Internet mogul Kim Dotcom uploaded a YouTube video promising a new online music service called Megabox. It will reportedly allow artists to sell their own music and earn 90 percent of the revenue generated through those transactions.
In the video posted by the controversial founder of Megaupload, it seems both artists and music fans can create separate profiles. After artists create their profiles, they can share as much of their music as they’d like.
If the video teaser is to be trusted, Dotcom has lined up some impressive musicians to join the service, such as The Black Keys, Will.i.am and Rusko.While his previous project Megaupload (now shut down) also included videos to watch and share, the YouTube clip doesn’t show any videos being uploaded or shared on Megabox.
Dotcom is trying to make a comeback after his previous online giant Megaupload got him in hot water with the FBI and RIAA. He was charged earlier this year with various alleged crimes, including facilitating “massive worldwide online piracy” through his Megaupload cyberlocker.
Dotcom has also been accused of racketeering and money laundering amounting to “more than $500 million in damages and over $175 million in profit,” according to authorities.
But after a judge ruled the Megaupload founder’s home, known as the Dotcom Mansion, wassearched illegally, the case was suspended and now U.S. authorities are working to extradite the German to stand trial for what they have called the biggest case of its kind to date, USA Today writes.
Dotcom has only released scant details about Megabox, but he earlier said “Megabox would feature something called Megakey, a solution allowing artists to earn income even from those users who download music for free. Dotcom hasn’t disclosed any details of the service, but said the Megakey business model was tested with over a million users and it worked,” as this mediareport tells us.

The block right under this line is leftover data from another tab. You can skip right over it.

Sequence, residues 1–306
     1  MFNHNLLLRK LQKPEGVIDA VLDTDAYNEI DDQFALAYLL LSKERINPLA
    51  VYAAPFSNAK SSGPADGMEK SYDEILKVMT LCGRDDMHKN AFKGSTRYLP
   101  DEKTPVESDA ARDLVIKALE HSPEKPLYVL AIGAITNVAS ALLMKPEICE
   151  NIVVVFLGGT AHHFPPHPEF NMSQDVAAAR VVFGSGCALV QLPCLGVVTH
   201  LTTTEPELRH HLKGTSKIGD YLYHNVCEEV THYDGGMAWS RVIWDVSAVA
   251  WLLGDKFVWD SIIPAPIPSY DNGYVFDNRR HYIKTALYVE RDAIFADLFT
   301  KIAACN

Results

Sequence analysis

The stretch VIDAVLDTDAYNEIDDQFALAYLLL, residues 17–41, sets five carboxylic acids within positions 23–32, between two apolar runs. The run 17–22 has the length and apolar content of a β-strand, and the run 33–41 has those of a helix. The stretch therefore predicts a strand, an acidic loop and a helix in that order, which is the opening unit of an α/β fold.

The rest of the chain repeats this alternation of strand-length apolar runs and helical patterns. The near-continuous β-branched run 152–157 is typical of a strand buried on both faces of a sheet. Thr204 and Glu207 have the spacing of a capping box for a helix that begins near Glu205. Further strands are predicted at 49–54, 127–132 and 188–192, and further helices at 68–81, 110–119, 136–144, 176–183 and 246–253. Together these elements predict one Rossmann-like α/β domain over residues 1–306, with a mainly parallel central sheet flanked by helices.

TechCrunch’s Matt Burns is excited about Megabox’s potential: …it’s probably a safe bet that Dotcom and the rest of the Megaupload world are prepping Megabox to be the anti-RIAA and as pro-artist/fans as possible. And that’s awesome.”
This article originally appeared in Digital Journal [Link]
by Larry Clifton (Guest contributor/Digital Journalist)
A Gallup poll confirmed what, apparently, most of us already knew. Three fifths of Americans “have little or no faith” in the “accuracy” or “fairness” of mainstream news.
Meanwhile, the survey showed a minority of 40% still trust mainstream media.The mistrust in mainstream media is growing. For instance, in 2011, a majority of 55% of Americans mistrusted mainstream or mass media, showing a five point increase in distrust this year.
Even more troubling for media outlets during the heat of the 2012 presidential election is that the divide is politically polarized with most Democrats trusting the press while a large majority of Independents and Republicans do not trust mass media.
A majority or 58% of Democrats trust the press compared with 26% of Republicans and 31% of independents. In total, more Democrats trust the mainstream media than Republicans and Independents combined.Interestingly, more Republicans say they pay attention to the news than Democrats – 48% to 39% respectively. The survey showed 31% of Independents follow the news “very closely.”
The survey shows that Republicans and Independents especially do not trust mainstream media’s presentation of “political news.”
The Gallup poll of 1,017 adults was conducted between Sept. 6 and Sept. 9 and has a margin of error of plus or minus 4 percentage points.
During an election that could be won by less than two points, many Americans are increasingly troubled by what they perceive as a left-leaning heavy-handed political agenda they say has become cultural in mass media.
Perhaps the clearest decline in trust for mainstream media came in 2004, near the end of a presidential election, when world famous mainstream media icon Dan Rather ended his career with CBS when he allegedly used forged documents to attack a Republican presidential candidate.
Rather, a long-time news anchor for CBS, retired in relative shame after being accused of using forged documents to go after former president George W. Bush over his service as a fighter pilot in the Air Force reserves.Rather became a face for liberal bias in media coverage, and mainstream media continues to perpetuate that perspective according to the latest Gallup poll.
This article originally appeared on Digital Journal [Link]